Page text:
E-IPER Dissertation Defense : Andrea Lund
- Tuesday, Jun 2, 2020 1:30 PM
- Zoom Webinar
- Faculty/Staff, Students, Alumni/Friends
- Emmett Interdisciplinary Program in Environment & Resources
"Human-environment dynamics in the eco-epidemiology of schistosomiasis"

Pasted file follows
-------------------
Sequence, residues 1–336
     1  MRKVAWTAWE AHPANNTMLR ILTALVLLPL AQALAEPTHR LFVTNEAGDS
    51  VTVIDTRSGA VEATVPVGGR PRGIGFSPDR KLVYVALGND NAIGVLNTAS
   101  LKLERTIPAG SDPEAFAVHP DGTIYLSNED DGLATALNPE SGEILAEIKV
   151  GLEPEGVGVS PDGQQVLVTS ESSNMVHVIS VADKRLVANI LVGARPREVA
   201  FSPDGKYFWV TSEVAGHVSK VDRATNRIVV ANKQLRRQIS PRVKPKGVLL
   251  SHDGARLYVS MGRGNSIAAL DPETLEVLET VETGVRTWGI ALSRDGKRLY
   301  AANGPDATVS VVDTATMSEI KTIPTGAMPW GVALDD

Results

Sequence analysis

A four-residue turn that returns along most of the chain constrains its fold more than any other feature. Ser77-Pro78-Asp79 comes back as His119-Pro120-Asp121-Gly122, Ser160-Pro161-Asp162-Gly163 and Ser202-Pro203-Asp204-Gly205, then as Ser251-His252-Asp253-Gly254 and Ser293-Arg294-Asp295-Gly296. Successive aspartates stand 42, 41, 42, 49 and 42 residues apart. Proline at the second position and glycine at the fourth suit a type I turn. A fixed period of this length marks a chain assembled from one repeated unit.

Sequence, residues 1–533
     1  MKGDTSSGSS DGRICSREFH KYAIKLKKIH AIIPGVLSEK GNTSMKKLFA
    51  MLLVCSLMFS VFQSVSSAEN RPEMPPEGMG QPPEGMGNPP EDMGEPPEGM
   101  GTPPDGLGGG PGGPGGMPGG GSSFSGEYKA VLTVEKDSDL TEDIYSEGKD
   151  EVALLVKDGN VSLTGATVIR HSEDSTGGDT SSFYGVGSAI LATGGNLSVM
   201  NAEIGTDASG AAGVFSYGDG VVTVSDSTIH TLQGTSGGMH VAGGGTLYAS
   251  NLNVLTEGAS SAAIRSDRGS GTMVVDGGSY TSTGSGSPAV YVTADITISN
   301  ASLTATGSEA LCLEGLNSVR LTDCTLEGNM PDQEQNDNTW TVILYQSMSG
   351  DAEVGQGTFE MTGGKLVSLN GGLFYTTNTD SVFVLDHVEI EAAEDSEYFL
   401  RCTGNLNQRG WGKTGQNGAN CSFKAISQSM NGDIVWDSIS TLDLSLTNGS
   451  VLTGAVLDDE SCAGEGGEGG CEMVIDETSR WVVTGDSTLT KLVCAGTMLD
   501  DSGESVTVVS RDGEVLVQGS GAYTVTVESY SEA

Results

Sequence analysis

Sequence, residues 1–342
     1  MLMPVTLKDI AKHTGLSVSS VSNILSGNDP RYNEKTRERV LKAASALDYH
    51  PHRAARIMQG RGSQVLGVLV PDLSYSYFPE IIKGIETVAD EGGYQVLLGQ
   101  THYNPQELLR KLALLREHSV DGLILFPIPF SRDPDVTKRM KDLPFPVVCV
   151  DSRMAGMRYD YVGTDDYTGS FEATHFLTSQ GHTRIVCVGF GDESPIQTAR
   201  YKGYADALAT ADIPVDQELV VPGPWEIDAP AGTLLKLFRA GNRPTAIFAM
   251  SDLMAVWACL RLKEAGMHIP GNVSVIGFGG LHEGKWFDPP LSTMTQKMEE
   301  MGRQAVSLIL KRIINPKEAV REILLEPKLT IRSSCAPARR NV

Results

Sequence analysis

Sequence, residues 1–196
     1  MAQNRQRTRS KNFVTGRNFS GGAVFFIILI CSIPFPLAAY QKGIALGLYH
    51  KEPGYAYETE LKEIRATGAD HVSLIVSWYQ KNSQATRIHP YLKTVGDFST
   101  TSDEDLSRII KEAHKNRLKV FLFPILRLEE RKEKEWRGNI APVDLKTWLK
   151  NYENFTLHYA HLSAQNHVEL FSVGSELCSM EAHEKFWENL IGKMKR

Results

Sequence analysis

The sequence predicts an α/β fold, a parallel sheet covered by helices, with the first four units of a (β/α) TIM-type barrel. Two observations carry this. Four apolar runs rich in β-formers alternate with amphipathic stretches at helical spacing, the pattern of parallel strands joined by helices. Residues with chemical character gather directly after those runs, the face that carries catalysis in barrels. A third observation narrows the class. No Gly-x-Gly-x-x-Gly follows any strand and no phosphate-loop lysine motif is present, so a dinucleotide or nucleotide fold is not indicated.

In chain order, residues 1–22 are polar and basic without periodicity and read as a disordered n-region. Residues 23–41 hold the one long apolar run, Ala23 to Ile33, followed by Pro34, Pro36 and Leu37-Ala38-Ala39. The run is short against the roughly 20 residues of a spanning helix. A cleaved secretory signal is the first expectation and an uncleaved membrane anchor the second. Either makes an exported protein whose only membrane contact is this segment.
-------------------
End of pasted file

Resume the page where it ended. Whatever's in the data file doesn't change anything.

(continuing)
Human schistosomiasis is parasitic disease that affects 200 million people worldwide and is second only to malaria the global burden of parasitic disease. The transmission of human schistosomes occurs between people and freshwater snails. People become infected when free-swimming parasite larvae exit a snail and penetrate the skin of someone who is wading, bathing or otherwise in contact with the water. The occurrence of schistosomiasis is often elevated in settings where water has been actively managed for food or energy production. The environmental change caused by constructing dam or irrigation infrastructure creates suitable snail habitat, but it also alters the ways in which people interact with their environment. This dissertation contributes to our understanding of how social and environmental factors interact to perpetuate schistosome transmission in the lower basin of the Senegal River, a dammed landscape where schistosomiasis has become endemic. I use qualitative and quantitative data collected from focus group discussions and household surveys in 16 villages to understand how socio-environmental circumstances influence exposure to and contribute to risk for schistosome infection and its associated morbidities. First, I examine local perspectives of schistosomiasis risk in the environment and reported preventive behaviors. Second, I investigate whether land use at the household level influences risk for infection. And finally, I evaluate the relative importance of three components of risk – exposure, hazard and vulnerability – in the acquisition and accumulation of schistosome infection. Results highlight the need for environmental interventions to complement existing pharmaceutical-based schistosomiasis control efforts.